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A Republic of Farm People: Women, Families, and Market-Minded Agrarianism in Ohio, 1820s–1830s

From: Ohio History
Volume 114, 2007
pp. 28-45 | 10.1353/ohh.0.0012

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On April 31, 1832, forty-eight-year-old Aaron Miller departed his native Louden County, Virginia, home on horseback, accompanied by his brother Daniel, to travel westward to Ohio. Their expressed purpose was to seek out and purchase farms capable of profitable wheat production for several of the Miller brothers and their families. Over the next month and a half, Miller recorded his detailed observations about Ohio and its agriculture, farm people, and overall state of economic and material development. Certainly, whatever Thomas Jefferson had envisioned within his agrarian ideology regarding the future growth and prosperity for the young United States and its "republic of farmers" was alive, well, and commercially succeeding in Ohio by the 1830s, major elements of which were documented by Miller.1

Even before crossing into the state, on a route that would traverse central Ohio counties primarily along the National Road and briefly into Indiana, Miller met almost daily with two, three, or five droves of Ohio cattle bound for the Baltimore and Philadelphia markets. At every turn he sought the "knolage and good sense" of the local farm people on matters including what kinds of agriculture were practiced and had flourished, land value per acre, market access, and the general health of the country. The negative condition of the latter in particular, though infrequent, was enough to dissuade Miller from even looking at farms in an area of that character. Upon coming into Champaign County, for example, Miller learned that the land there was "filled with a certain something" that the locals could not identify and only knew that if the cattle ate "it" in the woods, what was termed "milk sickness" would prevail upon them. This sickness often brought on an agonizing death to both cattle and unsuspecting humans who drank the sick cattle's milk. That being the case, he and his brother rode on.2

Miller was primarily guided in the search for his and his relatives' new Ohio farms by a calculus, or rationalization, of "advantage." After all, these were going to be cash purchases that would form the basis of family farming enterprises whose owners had aspirations of profitability. Miller also knew that his determination of selecting the site with the best advantages for wheat growing would set into motion the relocation of numerous family members and several neighbors from Virginia, a move that in all likelihood would be permanent. Among the advantages he noted about the places he passed were their fine grass, soil quality, good spring water (as opposed to well water), the overall state of cultivation, the level of activity in the county seat, and even the abundance of "nice farmers," such as those he found in Germantown (in Montgomery County). Of particular interest to Miller was the advantage of water navigation, and in his diary he offers important insight on the influence of Ohio's canal-building era on the development of the state's agriculture as well as on the lives and livelihood of its farm people. Newark, situated on the canal, appealed to him because flour was regularly shipped out from there for the New York market. Also, there seemed to be no limit to the growth potential of Chillicothe, which was "improveing verry fast" as a result of the canal being constructed twenty miles south of the town, with the contractors having committed to extending it northward by the fall. This convinced Miller that the farm people there "will have the advantage of the new york market and the new Orleans market." He added, "Certainly verry great are the advantages of this canal of the state of Ohio."3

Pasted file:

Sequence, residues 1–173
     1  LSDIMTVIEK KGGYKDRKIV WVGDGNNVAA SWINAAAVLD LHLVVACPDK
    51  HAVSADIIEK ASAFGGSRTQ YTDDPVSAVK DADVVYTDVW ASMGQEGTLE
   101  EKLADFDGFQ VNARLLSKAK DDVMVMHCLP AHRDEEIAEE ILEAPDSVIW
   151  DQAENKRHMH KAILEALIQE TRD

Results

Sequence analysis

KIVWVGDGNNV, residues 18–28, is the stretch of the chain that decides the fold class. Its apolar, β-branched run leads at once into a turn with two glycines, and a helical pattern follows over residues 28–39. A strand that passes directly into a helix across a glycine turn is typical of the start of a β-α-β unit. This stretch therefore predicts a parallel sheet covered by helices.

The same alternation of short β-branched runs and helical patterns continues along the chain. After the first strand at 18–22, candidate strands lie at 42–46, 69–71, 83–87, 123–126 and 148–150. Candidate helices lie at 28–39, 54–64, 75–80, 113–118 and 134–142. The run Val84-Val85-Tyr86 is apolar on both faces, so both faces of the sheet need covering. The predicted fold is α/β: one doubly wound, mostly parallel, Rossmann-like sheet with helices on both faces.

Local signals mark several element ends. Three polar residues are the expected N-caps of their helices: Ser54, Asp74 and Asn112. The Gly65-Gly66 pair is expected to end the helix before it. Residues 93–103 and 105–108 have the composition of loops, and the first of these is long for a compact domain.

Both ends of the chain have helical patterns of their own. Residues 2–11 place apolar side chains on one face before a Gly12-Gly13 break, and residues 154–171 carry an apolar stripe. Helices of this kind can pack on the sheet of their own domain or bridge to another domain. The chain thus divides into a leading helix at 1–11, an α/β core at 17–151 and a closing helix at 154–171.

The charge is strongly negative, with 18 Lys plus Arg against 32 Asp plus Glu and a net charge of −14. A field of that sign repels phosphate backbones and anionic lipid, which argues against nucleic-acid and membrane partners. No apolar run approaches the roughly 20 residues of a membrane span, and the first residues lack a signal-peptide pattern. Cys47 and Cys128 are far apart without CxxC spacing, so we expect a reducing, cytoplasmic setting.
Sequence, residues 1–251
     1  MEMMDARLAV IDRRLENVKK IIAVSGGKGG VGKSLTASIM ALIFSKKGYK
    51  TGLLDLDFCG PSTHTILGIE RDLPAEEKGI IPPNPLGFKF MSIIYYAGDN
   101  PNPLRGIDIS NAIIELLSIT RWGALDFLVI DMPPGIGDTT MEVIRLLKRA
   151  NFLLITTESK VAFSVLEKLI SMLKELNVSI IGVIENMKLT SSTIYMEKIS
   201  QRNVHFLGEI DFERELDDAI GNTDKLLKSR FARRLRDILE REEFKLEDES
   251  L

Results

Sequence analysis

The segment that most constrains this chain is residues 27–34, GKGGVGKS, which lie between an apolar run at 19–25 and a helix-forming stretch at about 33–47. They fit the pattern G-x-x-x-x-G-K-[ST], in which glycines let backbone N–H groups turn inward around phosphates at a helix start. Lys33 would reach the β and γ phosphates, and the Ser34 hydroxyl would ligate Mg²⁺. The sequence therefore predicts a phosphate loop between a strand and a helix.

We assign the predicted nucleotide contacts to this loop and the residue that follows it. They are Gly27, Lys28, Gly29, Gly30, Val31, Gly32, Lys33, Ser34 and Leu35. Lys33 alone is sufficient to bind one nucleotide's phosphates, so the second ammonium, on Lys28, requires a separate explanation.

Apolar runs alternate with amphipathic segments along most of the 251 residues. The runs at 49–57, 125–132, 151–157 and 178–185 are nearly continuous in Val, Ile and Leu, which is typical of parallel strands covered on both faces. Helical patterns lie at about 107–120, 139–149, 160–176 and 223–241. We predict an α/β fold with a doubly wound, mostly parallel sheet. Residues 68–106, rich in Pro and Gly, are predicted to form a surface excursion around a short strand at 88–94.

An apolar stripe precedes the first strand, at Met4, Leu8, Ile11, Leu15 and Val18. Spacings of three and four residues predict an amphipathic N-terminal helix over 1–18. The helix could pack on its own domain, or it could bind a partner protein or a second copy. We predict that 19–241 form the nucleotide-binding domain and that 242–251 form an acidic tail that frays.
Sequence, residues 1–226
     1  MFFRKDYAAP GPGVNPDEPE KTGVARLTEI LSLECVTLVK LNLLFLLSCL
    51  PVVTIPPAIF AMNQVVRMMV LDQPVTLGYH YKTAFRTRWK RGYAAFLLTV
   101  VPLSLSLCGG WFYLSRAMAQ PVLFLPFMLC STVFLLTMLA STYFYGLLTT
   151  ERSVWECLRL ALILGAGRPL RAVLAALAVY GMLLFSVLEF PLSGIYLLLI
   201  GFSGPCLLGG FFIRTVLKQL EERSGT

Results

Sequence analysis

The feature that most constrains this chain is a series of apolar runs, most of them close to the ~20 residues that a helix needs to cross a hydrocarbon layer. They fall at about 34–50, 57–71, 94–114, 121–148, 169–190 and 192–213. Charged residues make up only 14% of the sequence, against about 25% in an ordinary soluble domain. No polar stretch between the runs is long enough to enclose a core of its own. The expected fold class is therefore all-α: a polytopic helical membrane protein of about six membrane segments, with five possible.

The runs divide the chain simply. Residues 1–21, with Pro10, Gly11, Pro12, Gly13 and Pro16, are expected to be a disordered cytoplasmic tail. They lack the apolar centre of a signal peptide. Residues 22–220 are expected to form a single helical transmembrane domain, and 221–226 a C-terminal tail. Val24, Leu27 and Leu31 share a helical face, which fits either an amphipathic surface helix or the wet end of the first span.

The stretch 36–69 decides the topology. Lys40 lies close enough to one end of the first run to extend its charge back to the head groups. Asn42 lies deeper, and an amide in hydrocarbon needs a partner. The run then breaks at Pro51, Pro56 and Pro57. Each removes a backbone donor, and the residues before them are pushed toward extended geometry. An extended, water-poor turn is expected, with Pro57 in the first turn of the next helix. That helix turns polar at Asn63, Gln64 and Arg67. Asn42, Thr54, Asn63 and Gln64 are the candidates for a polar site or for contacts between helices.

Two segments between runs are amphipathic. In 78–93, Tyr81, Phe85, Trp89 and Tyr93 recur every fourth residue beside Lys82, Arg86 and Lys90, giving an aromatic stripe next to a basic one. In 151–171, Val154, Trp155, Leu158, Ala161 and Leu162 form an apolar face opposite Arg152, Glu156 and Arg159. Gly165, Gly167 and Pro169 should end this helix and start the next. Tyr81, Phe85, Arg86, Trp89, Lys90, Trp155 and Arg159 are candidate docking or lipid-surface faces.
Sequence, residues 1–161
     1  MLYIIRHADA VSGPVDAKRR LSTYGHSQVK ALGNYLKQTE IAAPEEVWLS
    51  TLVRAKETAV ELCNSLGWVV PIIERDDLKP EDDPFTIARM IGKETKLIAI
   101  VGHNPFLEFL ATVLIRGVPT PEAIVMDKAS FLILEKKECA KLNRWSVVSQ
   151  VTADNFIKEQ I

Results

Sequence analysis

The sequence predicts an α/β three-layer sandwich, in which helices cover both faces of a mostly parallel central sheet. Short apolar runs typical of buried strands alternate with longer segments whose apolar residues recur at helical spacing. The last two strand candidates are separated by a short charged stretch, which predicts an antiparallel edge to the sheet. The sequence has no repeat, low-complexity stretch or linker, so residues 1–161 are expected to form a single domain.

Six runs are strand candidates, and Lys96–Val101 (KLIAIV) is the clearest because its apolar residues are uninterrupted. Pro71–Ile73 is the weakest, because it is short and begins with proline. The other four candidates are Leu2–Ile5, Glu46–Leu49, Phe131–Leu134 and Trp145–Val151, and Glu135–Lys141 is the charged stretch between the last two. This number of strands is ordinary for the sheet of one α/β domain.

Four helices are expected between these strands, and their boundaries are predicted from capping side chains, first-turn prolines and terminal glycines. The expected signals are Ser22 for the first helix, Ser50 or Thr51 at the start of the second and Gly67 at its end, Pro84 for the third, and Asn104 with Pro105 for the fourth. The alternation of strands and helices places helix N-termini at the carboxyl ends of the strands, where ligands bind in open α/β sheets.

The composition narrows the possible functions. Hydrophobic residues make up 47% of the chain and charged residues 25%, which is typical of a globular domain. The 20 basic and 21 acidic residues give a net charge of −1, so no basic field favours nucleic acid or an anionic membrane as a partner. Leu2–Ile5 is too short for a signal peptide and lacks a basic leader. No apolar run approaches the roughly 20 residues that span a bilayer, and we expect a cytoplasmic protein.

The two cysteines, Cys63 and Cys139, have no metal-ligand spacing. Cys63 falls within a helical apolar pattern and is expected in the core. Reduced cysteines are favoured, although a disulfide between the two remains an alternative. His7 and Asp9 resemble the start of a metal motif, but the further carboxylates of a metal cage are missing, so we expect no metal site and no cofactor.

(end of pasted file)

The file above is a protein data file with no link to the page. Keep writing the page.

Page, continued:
Market-minded agrarianism pervaded Miller's diary in his search for the most economically advantageous situation for his family and clearly served as the major ideological and economic context for his perception of Ohio and the emerging Midwest. It apparently resonated as well with the numerous farm people from whom Miller gathered information and with those whom he merely observed in their agricultural activities. This state of affairs in Ohio and the West during the 1820s and 1830s is in sharp contrast to the scholarly argument that the market of the expanding republic...